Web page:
DEVENDRA BANHART, "NINO ROJO"
a joyful, magical work of unrestrained creativity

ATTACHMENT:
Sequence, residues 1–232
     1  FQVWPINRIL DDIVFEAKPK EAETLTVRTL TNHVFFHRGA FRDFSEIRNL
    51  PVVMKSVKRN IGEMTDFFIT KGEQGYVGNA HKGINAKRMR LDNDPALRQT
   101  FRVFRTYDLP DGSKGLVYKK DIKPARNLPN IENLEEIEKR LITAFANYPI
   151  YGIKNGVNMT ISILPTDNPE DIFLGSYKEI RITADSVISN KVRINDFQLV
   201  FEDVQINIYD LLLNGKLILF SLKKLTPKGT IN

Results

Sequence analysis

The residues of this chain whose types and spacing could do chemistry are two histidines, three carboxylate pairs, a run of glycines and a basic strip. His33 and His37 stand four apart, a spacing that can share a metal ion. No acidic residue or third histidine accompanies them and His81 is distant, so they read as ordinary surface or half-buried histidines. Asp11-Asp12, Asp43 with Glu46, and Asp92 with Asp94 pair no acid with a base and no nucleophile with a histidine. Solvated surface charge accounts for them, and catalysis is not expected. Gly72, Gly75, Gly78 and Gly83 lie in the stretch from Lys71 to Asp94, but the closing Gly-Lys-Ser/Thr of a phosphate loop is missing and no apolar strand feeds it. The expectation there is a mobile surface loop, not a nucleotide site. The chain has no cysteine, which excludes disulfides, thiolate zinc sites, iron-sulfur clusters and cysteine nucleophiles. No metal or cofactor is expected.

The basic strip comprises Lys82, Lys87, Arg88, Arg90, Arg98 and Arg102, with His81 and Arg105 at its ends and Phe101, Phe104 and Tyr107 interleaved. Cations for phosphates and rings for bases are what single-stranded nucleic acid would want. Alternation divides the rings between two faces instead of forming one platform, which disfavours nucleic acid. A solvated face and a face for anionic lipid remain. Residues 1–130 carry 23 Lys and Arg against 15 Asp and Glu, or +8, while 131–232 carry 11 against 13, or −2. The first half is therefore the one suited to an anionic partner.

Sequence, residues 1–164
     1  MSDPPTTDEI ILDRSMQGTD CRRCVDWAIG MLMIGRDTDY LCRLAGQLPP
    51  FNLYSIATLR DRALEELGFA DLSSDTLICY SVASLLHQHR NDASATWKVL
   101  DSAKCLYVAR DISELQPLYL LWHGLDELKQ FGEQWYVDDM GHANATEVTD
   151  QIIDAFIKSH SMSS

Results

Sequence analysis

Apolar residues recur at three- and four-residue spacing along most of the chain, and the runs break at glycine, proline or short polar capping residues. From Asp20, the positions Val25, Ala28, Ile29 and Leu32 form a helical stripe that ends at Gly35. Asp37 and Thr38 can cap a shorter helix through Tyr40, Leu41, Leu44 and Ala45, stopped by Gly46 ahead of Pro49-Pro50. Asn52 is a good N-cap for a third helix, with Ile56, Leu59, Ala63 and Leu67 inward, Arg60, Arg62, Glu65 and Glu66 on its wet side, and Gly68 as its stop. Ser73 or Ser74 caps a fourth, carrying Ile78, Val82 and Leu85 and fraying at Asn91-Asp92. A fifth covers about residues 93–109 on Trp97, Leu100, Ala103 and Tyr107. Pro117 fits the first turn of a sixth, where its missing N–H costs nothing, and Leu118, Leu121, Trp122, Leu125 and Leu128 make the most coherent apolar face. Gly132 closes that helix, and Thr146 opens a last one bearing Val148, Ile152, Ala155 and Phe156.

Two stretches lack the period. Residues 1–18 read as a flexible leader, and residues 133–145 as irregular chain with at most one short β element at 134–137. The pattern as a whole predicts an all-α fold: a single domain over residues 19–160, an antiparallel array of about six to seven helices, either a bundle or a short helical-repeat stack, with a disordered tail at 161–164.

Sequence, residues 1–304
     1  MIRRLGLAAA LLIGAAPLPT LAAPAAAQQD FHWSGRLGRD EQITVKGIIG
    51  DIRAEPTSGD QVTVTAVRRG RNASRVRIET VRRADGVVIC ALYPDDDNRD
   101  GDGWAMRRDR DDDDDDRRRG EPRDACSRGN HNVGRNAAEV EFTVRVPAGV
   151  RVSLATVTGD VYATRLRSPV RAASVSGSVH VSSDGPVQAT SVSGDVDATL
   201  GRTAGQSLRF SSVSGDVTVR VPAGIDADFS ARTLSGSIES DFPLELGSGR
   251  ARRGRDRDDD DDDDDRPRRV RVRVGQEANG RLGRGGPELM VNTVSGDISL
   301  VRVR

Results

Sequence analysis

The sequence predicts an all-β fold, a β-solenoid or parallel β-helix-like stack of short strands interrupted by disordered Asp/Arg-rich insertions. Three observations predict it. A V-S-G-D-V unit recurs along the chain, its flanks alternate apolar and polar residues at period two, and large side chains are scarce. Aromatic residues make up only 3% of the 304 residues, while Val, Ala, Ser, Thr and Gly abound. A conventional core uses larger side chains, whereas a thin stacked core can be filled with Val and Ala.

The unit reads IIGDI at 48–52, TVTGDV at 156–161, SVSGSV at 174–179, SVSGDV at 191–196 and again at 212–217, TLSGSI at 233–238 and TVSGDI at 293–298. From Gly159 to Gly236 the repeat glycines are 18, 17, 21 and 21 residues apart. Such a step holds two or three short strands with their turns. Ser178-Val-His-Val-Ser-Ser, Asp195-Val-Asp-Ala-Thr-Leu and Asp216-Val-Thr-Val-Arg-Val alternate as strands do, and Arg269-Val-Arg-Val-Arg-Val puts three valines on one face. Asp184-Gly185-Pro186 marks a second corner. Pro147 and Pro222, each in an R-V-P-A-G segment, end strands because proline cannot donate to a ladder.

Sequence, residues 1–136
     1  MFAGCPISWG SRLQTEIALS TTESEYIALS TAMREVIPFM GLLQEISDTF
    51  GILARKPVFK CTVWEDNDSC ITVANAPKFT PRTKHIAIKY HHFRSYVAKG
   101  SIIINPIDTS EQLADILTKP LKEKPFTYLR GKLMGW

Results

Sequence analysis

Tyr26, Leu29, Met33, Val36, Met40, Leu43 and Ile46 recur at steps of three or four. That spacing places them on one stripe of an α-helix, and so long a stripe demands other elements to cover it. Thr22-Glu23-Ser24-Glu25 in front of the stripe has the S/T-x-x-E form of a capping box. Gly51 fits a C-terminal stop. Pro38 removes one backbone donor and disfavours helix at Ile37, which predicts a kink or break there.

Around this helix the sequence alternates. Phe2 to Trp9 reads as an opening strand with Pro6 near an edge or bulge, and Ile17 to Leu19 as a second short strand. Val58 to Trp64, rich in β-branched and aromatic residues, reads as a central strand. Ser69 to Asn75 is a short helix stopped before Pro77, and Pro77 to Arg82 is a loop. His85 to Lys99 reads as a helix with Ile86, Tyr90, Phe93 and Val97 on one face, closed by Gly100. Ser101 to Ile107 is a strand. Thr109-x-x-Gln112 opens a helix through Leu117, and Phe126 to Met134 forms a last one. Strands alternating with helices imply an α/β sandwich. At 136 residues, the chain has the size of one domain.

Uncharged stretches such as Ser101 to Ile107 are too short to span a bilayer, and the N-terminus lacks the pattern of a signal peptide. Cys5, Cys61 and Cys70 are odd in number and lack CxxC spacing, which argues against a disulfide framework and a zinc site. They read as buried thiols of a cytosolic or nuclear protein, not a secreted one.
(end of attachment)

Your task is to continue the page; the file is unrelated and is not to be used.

Just as Rejoicing in the Hands of the Golden Empress represented the maternal principle, Nino Rojo represents the principle of the child. Following in a line of primal symbolism going back to the Egyptian deity Horus ("the crowned and conquering child"), the title depends upon that fundamental consonance between Sun and Son. The "red sun" disc of the Eye of Horus, casting the light of knowledge upon mankind; and the "red son" of Banhart's title, an "exuberant and foolish" child full of passion and curiosity. This symbolic conceit works to unite these two halves of the same generative source. Nino Rojo comprises a second volume of 16 songs from the same fruitful recording sessions that produced Rejoicing, and far from a collection of outtakes or castoffs, represents another stunning album from one of the most uniquely talented individuals currently working in this medium. As if to enforce the frolicsome exuberance suggested by the album's title, the songs here focus on energy, dynamism and the spirit of communal play. To that end, many of these tracks are more orchestrated than I'd come to expect from past albums, with guest players contributing voices and instruments. Benefactor M. Gira contributes his voice and harmonica to "Electric Heart," the album's transcendent coda, celebrating the light-bringing, conductive properties of collective love. On a few tracks tracks, Julia Kent of Rasputina and Antony and the Johnsons contributes her exquisitely expressive cello. Andy Cabic from Vetiver, one of the newer groups to emerge from the Golden Apples of the Sun new-folk scene, joins Devendra for a lovely vocal duet on "At the Hop," a buoyant tribute to romantic codependency. The disc is also enhanced with an MPEG video for the song, which mutates into a group sing-along, with a psychedelicized video heavily indebted to the hippie ruralism and communal spirit of Incredible String Band's Be Glad for the Song Has No Ending. Of course, Nino Rojo also contains plenty of tracks of Banhart playing solo, fingerpicking remarkably complex guitar figures, drawing on a seemingly endless reservoir of gentle acoustic melodies that each trigger the spooky resonance of deja vu. The album begins with a sad, sweet rendition of children's songwriter Ella Jenkins' "Wake Up, Little Sparrow." Banhart sings in his native Spanish on "Ay Mama," a lament for his mother in which he repeatedly sings "No hay que llorar" ("You don't have to cry"). There are more hauntingly simple songs on Nino Rojo, from the outsider anthem of "Noah" to the chilling surrealism of "Sister." Along with the remarkably fast-tempo playing on "Horseheadedfleshwizard," Devendra weaves a remarkably sinister assemblage of images: "I put the ovaries in my mouth/And all the dogs will die/And the devil will call the cats home/And he looks up to the sky." Banhart's guitar virtuosity continues to improve by leaps and bounds, with tracks like "The Good Red Road" matching the proficiency of guitar legends like Elizabeth Cotten and John Fahey. Nino Rojo is a joyful, magical work of unrestrained creativity, and taken together with its earlier counterpart, represents as strong a statement of artistic integrity as any musician could hope to produce.